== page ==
Mark Diomede

Mark Diomede

PROVIDED Mark Diomede & the Juggling Suns Project will play at Tango’s in Tropicana on Wednesday.

It’s safe to say that disco isn’t the most respected musical genre. The world of all-white suits, gold chains, chest hair, neon lights and sparkling, rotating orbs was and still is hack to many a-musician.

So it was for Mark Diomede when he first started out.

“In the ’70s — when disco was happening and I was in my early 20s — it was taboo,” Diomede recalls. “We all thought it sucked. It was the Grateful Dead and Led Zeppelin and Pink Floyd for me.”

Now, however, Diomede’s name is proudly tacked to the suffix “Disco Inferno Band.”

“As you get older and look back on it from a musician’s standpoint, you realize it has Latin and jazz influences. I really appreciated it a lot more after the fact,” he says.

Mark Diomede and the Disco Inferno Band — which will play a free concert in Tropicana Atlantic City’s Grand Exhibition Center 8 p.m. Saturday, Jan. 21 — was born when a friend from way back contacted Diomede about a project he was doing that incorporated elements of funk, R&B and disco. A few years later and the band is still making people smile with their catchy disco tunes, an unexpected trajectory for Diomede who started off as a self-proclaimed disco-hater.

“When I was a young teenager, that’s when I really knew I wanted to play music for the rest of my life,” Diomede says of his musical origins. “It’s all I cared about, it’s all I did. I played guitar for two years after I turned 17 instead of getting my license. I just locked myself in my room and played.”

Diomede’s performance at Trop is part of the casino’s Beach Bash event — an indoor celebration of summer lasting through the end of February. Although disco isn’t directly connected to the summertime, like perhaps a steel drum and a margarita are, it’s hard to ignore the sunny feeling people get when that music starts to play.

Mark Diomede

Mark Diomede


A counterculture of a counterculture, disco music emerged in the mid-70s as a reaction against the popularity of rock music. Those attempting to stigmatize bright, bouncy dance music found an enemy in disco. Although disco has never exactly been the coolest of genres, its significance and groove are hard to deny, making it still rather relevant to a modern audience.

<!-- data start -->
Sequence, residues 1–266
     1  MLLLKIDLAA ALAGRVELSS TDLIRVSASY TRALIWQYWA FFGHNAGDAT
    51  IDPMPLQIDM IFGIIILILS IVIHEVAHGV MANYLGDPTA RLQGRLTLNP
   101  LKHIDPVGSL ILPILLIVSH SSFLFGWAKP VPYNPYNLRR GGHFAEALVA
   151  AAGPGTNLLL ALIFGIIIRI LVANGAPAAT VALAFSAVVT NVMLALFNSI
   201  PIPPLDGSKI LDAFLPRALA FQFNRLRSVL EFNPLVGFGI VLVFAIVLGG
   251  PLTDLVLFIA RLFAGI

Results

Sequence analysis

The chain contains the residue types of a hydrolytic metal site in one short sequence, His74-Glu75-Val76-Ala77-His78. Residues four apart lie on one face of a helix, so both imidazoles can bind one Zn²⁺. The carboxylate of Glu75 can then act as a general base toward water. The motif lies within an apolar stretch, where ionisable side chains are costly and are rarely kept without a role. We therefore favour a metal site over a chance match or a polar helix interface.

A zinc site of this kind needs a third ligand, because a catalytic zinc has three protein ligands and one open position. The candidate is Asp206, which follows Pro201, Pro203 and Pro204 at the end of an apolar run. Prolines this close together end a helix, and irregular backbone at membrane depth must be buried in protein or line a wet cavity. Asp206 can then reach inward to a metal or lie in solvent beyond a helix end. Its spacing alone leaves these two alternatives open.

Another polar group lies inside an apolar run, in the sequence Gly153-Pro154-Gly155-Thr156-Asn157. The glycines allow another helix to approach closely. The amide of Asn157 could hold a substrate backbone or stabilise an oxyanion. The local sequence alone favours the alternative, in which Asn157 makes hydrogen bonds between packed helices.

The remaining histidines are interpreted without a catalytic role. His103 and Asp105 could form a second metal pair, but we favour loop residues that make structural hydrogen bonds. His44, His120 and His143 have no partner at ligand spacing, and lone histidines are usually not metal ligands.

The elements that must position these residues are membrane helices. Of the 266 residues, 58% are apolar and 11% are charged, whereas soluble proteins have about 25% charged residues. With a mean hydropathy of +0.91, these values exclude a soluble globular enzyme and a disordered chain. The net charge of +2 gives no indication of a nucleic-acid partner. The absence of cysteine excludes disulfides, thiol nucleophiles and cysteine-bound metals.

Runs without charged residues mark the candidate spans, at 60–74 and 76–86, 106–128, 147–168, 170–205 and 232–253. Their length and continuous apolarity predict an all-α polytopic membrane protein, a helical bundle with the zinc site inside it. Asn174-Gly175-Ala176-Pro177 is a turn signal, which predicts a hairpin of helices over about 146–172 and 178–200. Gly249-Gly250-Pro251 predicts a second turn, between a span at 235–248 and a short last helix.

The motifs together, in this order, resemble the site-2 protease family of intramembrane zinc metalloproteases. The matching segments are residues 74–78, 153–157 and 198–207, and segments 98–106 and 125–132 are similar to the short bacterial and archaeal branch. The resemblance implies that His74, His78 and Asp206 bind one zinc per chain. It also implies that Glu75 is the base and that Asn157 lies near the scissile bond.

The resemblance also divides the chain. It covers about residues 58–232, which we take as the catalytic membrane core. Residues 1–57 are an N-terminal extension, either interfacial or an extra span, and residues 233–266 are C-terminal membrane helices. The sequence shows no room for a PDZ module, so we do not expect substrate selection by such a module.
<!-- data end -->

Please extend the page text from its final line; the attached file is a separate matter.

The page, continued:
“The elements of ’60s and ’70s music reinvent themselves as time goes on, so if it was relevant back then, it’s relevant today,” Diomede says. “If you listen to a lot of dance music today it has elements of disco. It has infectious dance grooves and creates community on the dance floor and in the band.”

5 disco songs too

hot to handle

A common theme in disco music is heat — both physical and metaphorical. We’re not sure what it is about disco music that makes people want to sing about the temperature, but here are five of our favorite sultry disco lyrics.

“Lookin’ for some hot stuff, baby this evenin.’

I need some hot stuff, baby tonight.”

— “Hot Stuff,” Donna Summer, 1979

“In the heat of our love

Don’t need no help for us to make it.

Gimme just enough to take us to the morning.’

I got fire in my mind.”

— “Night Fever,” Bee Gees, 1977

“The heat was on, rising to the top.

Everybody is going strong

And that is when my spark got hot

I heard somebody say,

(Burn baby burn) disco inferno.”

— “Disco Inferno,” The Trammps, 1976

“Touch me and I feel on fire.

Ain’t nothin’ like a love desire (ooh).

I’m melting (I’m melting) like hot candle wax.

Sensation (ah sensation) lovely where we’re at (ooh).”

— “Don’t Stop ‘Til You Get Enough,” Michael Jackson, 1979

“We’re just dancin’ to the beat, feel the heat.

I’m movin’ my feet

Headed towards the floor, gonna get down,

A get down some more.”

— “Dance, Dance, Dance,” Chic, 1977